In Australia, it is becoming a relatively common practice to acknowledge the traditional custodians of the land where important meetings and government functions take place. They recognize the people who occupied the land they are on and sometimes are given a little bit of relevant history by a representative of the tribe. Australia has a VERY VERY shaky history with indigenous people, in ways similar to and distinct from the US, but that is evidence that at least some effort toward peace and justice is being made.

I had never heard of the Nacotchtank until yesterday, when I decided what I wanted to write my Independence Day blog post about. They are a tribe that is no more, one of the countless victims of White People in History. Facing encroaching violent settlers and dwindling numbers, they departed their homeland and became absorbed by larger tribes in the area.

They lived throughout what is now the District of Columbia, including on Capital Hill itself. Archaeological relics, including pottery and bones, have been found under and around the Supreme Court, White House, and Bolling Air Force Base. We owe them at very least the name Anacostia, some weird Latinization of Nacotchtank. In case you haven’t heard of it, the Anacostia is the river that flows into the Potomac in the southeast part of the District.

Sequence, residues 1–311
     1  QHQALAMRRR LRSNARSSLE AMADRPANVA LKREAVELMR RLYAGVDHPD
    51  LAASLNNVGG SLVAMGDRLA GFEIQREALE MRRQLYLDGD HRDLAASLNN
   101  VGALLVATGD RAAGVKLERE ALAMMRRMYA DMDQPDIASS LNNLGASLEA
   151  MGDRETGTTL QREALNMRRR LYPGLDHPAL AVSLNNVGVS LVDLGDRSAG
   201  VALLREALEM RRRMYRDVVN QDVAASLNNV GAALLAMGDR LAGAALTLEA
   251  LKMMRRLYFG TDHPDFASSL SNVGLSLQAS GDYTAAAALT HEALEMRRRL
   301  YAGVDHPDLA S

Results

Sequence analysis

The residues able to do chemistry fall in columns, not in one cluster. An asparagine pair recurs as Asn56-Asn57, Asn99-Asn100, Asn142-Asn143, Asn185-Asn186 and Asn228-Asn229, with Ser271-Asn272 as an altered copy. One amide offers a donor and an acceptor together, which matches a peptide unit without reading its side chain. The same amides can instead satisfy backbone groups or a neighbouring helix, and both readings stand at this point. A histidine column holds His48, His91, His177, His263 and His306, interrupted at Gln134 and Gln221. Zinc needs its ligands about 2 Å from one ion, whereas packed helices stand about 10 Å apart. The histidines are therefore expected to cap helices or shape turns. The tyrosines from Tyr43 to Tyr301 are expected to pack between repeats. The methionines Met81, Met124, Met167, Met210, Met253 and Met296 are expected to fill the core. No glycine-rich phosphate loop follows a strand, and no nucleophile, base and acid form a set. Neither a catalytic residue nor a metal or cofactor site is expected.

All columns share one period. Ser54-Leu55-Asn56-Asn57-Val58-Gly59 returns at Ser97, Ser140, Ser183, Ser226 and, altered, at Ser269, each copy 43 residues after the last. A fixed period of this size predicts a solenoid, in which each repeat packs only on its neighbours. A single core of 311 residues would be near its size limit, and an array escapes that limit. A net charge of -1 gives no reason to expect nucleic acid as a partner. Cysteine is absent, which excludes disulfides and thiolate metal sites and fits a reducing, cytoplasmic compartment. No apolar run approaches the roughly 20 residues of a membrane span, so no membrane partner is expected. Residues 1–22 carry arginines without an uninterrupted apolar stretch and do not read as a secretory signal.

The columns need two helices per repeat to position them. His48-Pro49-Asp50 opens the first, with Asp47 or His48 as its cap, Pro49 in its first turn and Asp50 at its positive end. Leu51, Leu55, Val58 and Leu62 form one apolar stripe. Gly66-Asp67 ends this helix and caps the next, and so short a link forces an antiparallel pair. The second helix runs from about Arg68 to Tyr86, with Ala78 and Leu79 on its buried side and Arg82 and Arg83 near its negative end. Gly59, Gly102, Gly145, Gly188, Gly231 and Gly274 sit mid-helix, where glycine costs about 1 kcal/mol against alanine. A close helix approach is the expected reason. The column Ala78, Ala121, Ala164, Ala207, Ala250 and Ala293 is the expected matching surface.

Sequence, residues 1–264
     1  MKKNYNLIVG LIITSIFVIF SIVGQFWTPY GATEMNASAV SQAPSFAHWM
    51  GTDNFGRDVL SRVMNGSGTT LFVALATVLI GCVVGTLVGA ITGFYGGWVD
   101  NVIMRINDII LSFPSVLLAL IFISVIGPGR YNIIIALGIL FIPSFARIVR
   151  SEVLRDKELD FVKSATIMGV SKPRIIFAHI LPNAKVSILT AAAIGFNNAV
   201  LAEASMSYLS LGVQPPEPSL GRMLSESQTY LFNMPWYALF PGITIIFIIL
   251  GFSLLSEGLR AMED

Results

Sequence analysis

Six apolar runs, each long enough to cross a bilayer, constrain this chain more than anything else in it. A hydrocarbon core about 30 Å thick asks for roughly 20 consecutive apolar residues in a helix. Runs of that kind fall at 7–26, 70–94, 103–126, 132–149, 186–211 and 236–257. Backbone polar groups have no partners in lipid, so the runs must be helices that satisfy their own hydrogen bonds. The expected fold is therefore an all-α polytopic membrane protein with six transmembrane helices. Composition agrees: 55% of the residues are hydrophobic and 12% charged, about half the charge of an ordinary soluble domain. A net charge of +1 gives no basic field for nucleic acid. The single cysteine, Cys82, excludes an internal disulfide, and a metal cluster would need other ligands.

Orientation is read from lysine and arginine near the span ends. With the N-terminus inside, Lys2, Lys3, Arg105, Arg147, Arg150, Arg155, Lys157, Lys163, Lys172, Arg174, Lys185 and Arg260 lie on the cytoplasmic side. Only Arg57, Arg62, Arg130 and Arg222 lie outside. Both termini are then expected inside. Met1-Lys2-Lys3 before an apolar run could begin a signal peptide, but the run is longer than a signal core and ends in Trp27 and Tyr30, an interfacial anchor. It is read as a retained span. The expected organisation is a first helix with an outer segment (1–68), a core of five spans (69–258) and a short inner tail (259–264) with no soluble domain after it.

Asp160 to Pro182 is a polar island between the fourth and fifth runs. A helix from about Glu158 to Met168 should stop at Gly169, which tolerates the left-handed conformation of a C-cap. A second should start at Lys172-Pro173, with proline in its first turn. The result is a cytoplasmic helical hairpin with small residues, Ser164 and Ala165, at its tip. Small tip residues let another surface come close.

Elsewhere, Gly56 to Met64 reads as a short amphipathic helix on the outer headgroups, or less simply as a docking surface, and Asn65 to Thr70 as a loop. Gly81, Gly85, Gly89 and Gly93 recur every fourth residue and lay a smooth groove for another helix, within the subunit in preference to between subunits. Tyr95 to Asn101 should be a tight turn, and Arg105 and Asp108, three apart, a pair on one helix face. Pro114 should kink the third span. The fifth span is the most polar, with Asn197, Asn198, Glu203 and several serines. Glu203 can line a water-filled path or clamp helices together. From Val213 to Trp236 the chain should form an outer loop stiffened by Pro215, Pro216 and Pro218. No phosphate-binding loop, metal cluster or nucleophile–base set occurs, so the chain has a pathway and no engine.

The National Museum of the American Indian (which, yikes, not even going to talk about that) has said that they only briefly mention the tribe because it essentially ceased to exist in the early eighteenth century, instead preferring to speak with the living tribes in the area–which they do, so that’s good. I’m not convinced we need to go back and find all the historical groups, especially on the East Coast, that’s just not really possible.

However. On some level, we need to remember. Not only were other people here first, people were here first and we deliberately exterminated them.